“Your father referred me to you when I called him this morning. It is a cold case.”

“How cold is it?”

She looked at me with narrowed eyes.

“Frigid,” she said.

Like my coffee, I thought.

I put my mug on my desk and rested my forearms on the wood, lacing my fingers together. I resisted the urge to send my thumbs a-twiddling in front of my guest.

“What can you tell me about the case?” I asked.

She began her narrative. She told me that her great nephew was James Sullivan — not a Keenan, I noted. In late November 1980, his parents had reported him missing. He had gone for a walk to a nearby variety store and had never returned home. Four months later, just as the spring thaw took hold, an engineer on a passing commuter train reported seeing a body lying in winter’s detritus near the Fifth Street Bridge. The body had frozen during the winter months and was unrecognizable to investigators — one of whom was my father, she said.

“They used dental records to identify the body,” she added. “It was James.”

I didn’t put anything down on paper — yet. I wanted to let her tell me the facts. One of the things my father taught me was to have a notebook handy and out, ready to go, before you start interrogating a potential witness or a suspect. Mrs. Keenan was neither, but then again, she wasn’t officially my client.

There was also the fact that my legal pads were in boxes in my car. I wasn’t expecting a walk-in while I was in set-up mode upstairs.

Then she dropped her bombshell.

“He was only 11 years old when he was taken.”

Even as my heart dropped, I grabbed a box of tissues and slid it across my desk. She scooped two in her hand and dabbed at her eyes. There was more makeup on the tissue than tears. A good investigator notices things like this.

“I’m sorry for your loss, ma’am,” I said. I didn’t know where to take the interview from here, seeing as it was my first fact intake and I didn’t exactly have experience at this sort of thing. But if I were to take the case on, I needed to ask questions. Any questions, for that matter. “Can you tell me how far my father and FPD got into the investigation?”

“There was barely any evidence at the scene, they said. With no leads, they were unable to close the case. They kept it open for the purposes of public interest, but there was little they could do with it.”

Her tone interested me. It bordered on exasperation and disgust, I could tell. Call it P.I.’s intuition. It was exasperation with the police and disgust that they had not caught her great nephew’s killer in thirty-one years. I just didn’t know if her level of disgust for my father’s investigation was higher or lower than the coffee I offered. I didn’t have the heart to ask, either.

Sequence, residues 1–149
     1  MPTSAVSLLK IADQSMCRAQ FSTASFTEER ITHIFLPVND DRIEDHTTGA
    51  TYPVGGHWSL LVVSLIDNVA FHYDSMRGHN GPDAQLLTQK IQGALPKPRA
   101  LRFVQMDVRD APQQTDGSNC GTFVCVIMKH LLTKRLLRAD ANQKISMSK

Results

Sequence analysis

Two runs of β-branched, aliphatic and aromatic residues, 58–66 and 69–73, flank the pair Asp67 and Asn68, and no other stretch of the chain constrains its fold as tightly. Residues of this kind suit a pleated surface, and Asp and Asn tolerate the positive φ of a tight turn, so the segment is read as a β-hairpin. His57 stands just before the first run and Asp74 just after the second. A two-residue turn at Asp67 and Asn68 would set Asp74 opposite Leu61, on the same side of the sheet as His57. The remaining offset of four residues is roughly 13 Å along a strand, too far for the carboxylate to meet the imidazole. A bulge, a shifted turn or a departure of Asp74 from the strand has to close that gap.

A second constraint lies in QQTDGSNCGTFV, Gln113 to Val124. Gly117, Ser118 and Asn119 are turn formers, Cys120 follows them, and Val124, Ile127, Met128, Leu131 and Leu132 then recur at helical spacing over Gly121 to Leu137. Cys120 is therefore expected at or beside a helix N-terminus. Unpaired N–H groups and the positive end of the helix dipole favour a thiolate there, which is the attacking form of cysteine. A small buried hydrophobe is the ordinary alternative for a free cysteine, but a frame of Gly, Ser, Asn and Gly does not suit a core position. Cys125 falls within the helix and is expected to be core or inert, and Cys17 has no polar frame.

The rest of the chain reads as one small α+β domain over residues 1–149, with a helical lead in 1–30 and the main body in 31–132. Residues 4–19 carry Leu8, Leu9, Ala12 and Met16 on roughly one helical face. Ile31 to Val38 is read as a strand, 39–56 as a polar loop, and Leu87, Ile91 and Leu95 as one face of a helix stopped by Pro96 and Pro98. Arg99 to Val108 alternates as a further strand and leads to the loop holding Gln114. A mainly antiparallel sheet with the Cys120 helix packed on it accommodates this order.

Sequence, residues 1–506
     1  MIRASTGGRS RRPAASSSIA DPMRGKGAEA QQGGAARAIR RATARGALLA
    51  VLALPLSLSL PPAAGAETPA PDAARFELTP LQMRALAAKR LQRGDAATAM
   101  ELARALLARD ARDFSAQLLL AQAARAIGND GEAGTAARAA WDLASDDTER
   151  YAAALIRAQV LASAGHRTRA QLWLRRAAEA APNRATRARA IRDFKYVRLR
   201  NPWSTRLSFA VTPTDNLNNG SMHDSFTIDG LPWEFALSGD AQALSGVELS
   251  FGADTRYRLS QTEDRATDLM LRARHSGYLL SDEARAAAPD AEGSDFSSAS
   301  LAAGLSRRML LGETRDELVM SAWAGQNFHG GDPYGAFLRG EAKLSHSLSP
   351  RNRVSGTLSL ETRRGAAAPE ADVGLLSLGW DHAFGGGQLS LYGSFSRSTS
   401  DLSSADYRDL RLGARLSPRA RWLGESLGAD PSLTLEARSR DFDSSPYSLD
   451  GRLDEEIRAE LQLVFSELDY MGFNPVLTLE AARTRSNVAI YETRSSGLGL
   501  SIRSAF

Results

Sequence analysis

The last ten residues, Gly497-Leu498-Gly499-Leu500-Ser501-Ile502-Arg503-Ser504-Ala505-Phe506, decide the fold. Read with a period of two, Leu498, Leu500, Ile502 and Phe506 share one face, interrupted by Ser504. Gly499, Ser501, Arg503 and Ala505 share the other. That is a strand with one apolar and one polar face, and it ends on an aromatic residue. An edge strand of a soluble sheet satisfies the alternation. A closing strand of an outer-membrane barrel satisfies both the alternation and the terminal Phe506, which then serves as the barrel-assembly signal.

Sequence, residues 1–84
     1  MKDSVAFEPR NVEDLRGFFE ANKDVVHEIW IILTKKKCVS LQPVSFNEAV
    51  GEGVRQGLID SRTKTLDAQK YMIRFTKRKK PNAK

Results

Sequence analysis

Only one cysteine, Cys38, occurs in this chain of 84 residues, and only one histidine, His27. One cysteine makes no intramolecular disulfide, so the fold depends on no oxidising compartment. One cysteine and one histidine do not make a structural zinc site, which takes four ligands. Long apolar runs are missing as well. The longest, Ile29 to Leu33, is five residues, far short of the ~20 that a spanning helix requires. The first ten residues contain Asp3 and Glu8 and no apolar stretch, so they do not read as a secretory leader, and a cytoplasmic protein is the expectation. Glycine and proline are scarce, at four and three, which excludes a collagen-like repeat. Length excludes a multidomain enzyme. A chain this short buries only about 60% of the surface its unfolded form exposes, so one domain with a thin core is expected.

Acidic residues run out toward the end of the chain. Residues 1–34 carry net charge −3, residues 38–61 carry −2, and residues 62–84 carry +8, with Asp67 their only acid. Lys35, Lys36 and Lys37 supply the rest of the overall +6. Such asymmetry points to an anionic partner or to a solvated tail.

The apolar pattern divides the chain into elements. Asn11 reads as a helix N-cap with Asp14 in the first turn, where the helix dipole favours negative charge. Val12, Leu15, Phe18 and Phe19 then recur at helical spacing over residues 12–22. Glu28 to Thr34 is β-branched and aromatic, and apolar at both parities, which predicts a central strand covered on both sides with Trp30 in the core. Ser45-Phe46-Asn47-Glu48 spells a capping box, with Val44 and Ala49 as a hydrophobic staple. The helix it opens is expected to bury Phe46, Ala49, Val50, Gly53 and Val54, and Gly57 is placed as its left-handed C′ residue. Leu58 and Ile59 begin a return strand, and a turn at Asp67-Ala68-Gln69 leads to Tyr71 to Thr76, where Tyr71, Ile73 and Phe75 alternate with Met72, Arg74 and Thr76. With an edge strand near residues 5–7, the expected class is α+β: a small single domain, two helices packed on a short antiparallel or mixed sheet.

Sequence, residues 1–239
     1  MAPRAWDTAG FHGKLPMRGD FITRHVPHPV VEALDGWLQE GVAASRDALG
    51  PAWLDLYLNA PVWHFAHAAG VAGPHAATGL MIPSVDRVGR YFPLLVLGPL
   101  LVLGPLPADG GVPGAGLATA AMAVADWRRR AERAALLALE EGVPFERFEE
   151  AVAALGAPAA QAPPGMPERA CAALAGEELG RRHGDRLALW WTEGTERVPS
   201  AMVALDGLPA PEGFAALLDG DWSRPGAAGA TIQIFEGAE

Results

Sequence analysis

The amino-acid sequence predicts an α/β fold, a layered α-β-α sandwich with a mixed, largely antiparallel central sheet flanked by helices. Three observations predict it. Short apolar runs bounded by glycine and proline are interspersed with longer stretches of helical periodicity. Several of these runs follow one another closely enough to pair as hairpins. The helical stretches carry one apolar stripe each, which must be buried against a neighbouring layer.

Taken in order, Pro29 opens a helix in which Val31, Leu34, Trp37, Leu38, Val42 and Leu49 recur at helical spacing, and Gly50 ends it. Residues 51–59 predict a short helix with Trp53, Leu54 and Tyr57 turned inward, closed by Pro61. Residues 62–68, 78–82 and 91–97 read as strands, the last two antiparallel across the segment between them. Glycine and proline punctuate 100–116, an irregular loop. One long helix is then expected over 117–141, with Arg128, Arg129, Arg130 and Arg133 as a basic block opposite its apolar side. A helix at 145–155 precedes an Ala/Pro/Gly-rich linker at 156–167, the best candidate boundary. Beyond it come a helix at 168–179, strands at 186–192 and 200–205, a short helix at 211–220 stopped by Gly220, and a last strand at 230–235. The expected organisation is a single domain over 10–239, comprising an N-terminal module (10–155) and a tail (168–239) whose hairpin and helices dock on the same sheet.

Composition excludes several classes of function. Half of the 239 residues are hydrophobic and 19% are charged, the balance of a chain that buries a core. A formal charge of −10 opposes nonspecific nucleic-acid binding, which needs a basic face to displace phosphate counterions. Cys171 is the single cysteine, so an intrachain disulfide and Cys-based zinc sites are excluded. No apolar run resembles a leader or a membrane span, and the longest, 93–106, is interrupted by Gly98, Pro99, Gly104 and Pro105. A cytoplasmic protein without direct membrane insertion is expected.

“How did my name come up?” I asked. I had returned to my relaxed posture. My coffee cup stayed on my desk. I didn’t have the stomach for aged coffee any longer.

“I had called your father this morning,” she replied. “I wanted to see if there was anything new. I wasn’t holding my breath when I picked up the phone. He said there wasn’t, but that if I wanted someone independent of the police department to try to dig up new leads to come see you.” She looked around my office. I tried to gauge her reaction to the threadbare couch over in the corner or the near-rusted yet empty filing cabinets against the wall. “I didn’t realize you were so young.”

“Is my age a problem, ma’am?”

She hesitated a moment, but shook her head.

“No, it’s not — if you can find out who killed my precious James, your lack of experience won’t matter in the slightest.”

My right eyebrow shot up by a few millimeters as I tried to see if that worked out to a compliment. I wasn’t sure if it did. At my age, I’m sure I was expected to take a few backhanded compliments from older clients.

“I hope I can handle the responsibility.”

Mrs. Keenan chortled.

“That makes two of us.”

“I am slightly curious as to why you’re hiring me instead of James’s parents?” I asked.

Her face twisted, as if I had stuck a cup of souring milk under her nose.

“Unfortunately, I’ve been the one who has carried the torch for this family. My niece and her husband have been somewhat reclusive in the matter, as if they’ve forgotten about their own son. I tell them what I do, but it goes in one ear and out the other. They don’t know about me hiring you, though. They’re on vacation at the moment and won’t be back until Memorial Day.”

Interesting, I thought. I knew I’d want to talk to them, but if they wouldn’t get back to the area until then, then the interview would have to wait until after Memorial Day. I’d be a good egg and give them a day or two to recover from their trip.

“Do you carry a gun, Mr. Bourque?”

I nodded.

“May I see it?”